If we want to effect change and fight the good fight, we must have hope.  Again Cook says, “We place our hope on Christ, who offered hope to the hopeless.  Thus we are able to approach the world with a spirit of hope, even when the outward signs indicate otherwise.  When we are hopeful, we stand in the world sure of the possibility that the day will come when mercy, humility, peace, and love are the descriptions of what it means to live.”[5]

At the end of the day, the line between religion and politics is not always so clear.  Our religious convictions shape our political convictions.  If we take to heart Jesus’ words—blessed are those who mourn—doesn’t that mean that we open our hearts to the parents in Chicago whose child died from gun violence?  That we maybe even take it a step further and advocate for common sense gun laws?  If we take to heart Jesus’ words blessed are the peacemakers—doesn’t that mean that we want to support the community dialogues that occur all over the country to bring youth and police together to actually listen to one another and see each other as human beings?  As Christians we place our hope in Jesus Christ and we know that he offered hope to the hopeless, offered compassion to all.  These deeply-held religious convictions shape our politics.  Because we may see people as blessed that others don’t–like refugees longing to escape violence and persecution.

The final principle of living out the Beatitudes is compassion.  Simplicity feeds into hopefulness which feeds into compassion.  If there is one attribute we know Jesus had, it’s compassion.  Remember that compassion goes deeper than pity or sympathy.  It’s not just about feeling sorry for someone.  It’s not just about walking along the same path as someone else.  It’s about walking in another person’s shoes.  Instead of just politicizing recent events we can ask ourselves how it would feel to be a refugee coming to the United States.  We put ourselves in their shoes to have compassion.  President of Lutheran Theological Seminary David Lose explains that in the Beatitudes “Jesus points us to recognize that God’s kingdom isn’t a place far away but is found whenever we honor each other as God’s children, bear each other’s burdens, bind each other’s wounds, and meet each other’s needs.”[6]  We have power to help create the kingdom of heaven on earth.

Or let’s remember Rabbi Harold Kushner telling a story about the importance of relationships, showing the essence of compassion.  Rabbi Kushner wrote: “I was sitting on a beach one summer day watching two children, a boy and a girl, playing in the sand.  They were hard at work building an elaborate sand castle by the waters edge, with gates and towers and moat and internal passages.  Just when they had nearly finished their project, a big wave came along and knocked it down, reducing it to a heap of wet sand.  I expected the children to burst into tears, devastated by what had happened to all their hard work.  But they surprised me.  Instead, they ran up the shore away from the water, laughing and holding hands, and sat down to build another castle.  I realize that they had taught me an important lesson.  All the things in our lives, all the complicated structures we spend so much time and energy creating, are built on sand.  Only our relationships to other people endure.  Sooner or later, the wave will come along and knock down what we have worked so hard to build up.  When that happens, only the person who had somebody’s hand to hold will be able to laugh.”[7]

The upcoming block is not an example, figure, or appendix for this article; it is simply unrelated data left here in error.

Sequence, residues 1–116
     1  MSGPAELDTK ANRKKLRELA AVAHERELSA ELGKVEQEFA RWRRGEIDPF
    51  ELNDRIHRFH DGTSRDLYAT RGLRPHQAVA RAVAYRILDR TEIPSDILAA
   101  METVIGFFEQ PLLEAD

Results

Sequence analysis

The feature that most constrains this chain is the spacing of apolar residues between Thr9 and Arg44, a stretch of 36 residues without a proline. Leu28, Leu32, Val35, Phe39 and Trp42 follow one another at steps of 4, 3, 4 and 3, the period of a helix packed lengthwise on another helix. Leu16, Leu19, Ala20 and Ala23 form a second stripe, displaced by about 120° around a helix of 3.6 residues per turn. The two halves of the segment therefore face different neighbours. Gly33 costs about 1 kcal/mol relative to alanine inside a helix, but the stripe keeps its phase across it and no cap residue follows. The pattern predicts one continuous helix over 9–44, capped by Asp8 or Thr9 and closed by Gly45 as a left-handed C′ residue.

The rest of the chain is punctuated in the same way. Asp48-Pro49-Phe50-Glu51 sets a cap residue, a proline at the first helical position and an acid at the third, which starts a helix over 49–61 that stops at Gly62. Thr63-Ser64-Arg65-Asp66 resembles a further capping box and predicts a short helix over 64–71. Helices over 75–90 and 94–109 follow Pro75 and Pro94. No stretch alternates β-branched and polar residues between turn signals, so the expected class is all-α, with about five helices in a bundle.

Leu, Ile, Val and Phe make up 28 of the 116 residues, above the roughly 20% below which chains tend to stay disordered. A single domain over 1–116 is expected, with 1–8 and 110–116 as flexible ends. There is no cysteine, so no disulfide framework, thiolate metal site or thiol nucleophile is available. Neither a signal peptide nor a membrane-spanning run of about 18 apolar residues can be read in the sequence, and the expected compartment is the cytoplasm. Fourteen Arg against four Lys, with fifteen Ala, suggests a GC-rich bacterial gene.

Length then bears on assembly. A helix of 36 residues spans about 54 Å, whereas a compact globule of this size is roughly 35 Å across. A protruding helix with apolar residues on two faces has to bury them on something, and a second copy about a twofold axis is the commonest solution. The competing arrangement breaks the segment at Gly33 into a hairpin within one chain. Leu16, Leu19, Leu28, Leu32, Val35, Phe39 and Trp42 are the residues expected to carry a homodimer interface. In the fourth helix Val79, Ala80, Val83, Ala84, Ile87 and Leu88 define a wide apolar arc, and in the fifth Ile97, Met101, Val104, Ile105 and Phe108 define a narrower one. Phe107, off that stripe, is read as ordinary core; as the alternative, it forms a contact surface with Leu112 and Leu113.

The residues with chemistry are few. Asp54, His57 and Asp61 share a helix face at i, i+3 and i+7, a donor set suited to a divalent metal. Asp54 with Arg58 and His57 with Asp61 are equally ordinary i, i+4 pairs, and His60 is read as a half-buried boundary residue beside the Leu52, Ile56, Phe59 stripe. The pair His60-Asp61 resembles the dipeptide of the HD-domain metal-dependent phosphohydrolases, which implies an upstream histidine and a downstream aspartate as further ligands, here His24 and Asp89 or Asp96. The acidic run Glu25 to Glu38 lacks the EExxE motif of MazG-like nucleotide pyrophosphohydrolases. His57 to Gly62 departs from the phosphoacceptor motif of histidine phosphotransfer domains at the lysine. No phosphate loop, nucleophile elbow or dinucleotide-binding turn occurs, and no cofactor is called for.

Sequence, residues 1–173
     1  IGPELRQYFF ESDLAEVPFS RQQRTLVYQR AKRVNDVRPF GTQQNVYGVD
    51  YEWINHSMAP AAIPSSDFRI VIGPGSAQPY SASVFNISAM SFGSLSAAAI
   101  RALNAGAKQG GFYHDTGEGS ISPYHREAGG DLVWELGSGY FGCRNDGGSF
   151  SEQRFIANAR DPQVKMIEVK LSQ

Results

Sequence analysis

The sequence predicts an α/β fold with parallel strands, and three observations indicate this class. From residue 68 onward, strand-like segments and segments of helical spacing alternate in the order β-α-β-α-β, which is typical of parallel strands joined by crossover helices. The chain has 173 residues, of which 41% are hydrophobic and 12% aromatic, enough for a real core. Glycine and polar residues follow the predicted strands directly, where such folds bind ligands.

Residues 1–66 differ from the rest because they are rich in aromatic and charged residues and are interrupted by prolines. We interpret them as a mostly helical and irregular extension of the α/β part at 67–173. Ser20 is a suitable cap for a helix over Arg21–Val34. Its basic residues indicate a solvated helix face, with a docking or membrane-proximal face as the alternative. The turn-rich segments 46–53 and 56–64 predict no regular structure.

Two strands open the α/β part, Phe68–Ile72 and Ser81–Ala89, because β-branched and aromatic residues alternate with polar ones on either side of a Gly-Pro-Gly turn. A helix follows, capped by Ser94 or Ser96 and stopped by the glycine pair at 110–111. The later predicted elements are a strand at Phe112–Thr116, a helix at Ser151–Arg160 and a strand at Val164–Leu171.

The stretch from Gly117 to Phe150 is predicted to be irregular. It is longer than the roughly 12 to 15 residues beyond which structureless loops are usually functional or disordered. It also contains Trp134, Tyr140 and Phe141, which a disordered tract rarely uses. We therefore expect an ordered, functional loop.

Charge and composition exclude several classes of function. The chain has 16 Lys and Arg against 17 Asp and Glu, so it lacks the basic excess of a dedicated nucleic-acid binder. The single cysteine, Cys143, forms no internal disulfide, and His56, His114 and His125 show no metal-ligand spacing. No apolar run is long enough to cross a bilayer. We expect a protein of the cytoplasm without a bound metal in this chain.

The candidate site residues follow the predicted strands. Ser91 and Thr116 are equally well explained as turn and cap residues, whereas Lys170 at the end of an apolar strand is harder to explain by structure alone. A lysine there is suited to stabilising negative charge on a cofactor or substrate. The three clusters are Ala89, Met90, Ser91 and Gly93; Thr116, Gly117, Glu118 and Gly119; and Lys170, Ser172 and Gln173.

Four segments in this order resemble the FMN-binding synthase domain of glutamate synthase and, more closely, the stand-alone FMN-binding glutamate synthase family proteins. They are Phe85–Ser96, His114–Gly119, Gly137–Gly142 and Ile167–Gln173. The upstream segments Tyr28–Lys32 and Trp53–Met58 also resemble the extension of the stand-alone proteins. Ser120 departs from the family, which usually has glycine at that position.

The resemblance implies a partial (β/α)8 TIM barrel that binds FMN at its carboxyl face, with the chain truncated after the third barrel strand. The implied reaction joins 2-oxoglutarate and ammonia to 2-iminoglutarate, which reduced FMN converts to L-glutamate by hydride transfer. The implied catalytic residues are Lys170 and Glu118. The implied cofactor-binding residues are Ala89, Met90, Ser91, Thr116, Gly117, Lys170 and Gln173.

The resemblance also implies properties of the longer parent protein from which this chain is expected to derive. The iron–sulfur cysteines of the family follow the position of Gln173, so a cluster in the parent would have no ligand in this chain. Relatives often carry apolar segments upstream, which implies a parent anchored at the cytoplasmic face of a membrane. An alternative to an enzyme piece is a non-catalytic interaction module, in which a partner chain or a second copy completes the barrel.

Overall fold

Churches can grow as blessed communities through study, prayer, and service both within their walls and outside in the world.  We can grow as a blessed community through compassion.  The truth is that in churches people do come and go, pastors come and go.  But the relationships built here can sustain us even if they don’t last forever.  If we have people in our lives who can hold our hands when the waves come even for a little while—we are blessed indeed.

Jesus declares us blessed and as his hands and feet in the world asks us to bless others.  Jesus calls for us to bless the poor and the poor in spirit.  To bless those who mourn and those who are meek.  To bless those who hunger and thirst for righteousness.  To bless the merciful.  To bless the pure in heart.  To bless the peacemakers.  To bless those who are persecuted.  For ours is the kingdom of heaven.  Thanks be to God.  Amen.

[1] Matthew 5:4, 5, 7, and 8, NRSV.
[2] Luke 6:20 and Matthew 5:3.
[3] Charles James Cook, Pastoral Perspective of Matthew 5:1-12 in Feasting on the Word: Preaching the Revised Common Lectionary, Year A, Volume 1, 308.
[4]  Charles P. Pierce, “Today was just the Beginning.  The Reckoning will Come.” Esquire. January 20, 2017. http://www.esquire.com/news-politics/politics/a52437/donald-trump-inauguration-day-report/
[5] Cook, Pastoral Perspective of Matthew 5:1-12 in Feasting on the Word, Year A, Volume 1, 312.
[6] David Lose, “Epiphany 4A—Recognizing Blessing,” http://www.davidlose.net/2017/01/epiphany-4a-recognizing-blessing/
[7] Rabbi Harold Kushner, as quoted by Terry Hershey in Sacred Necessities: Gifts for Living with Passion, Purpose, and Grace (Notre Dame, IN: Sorin Books, 2005), 170-171.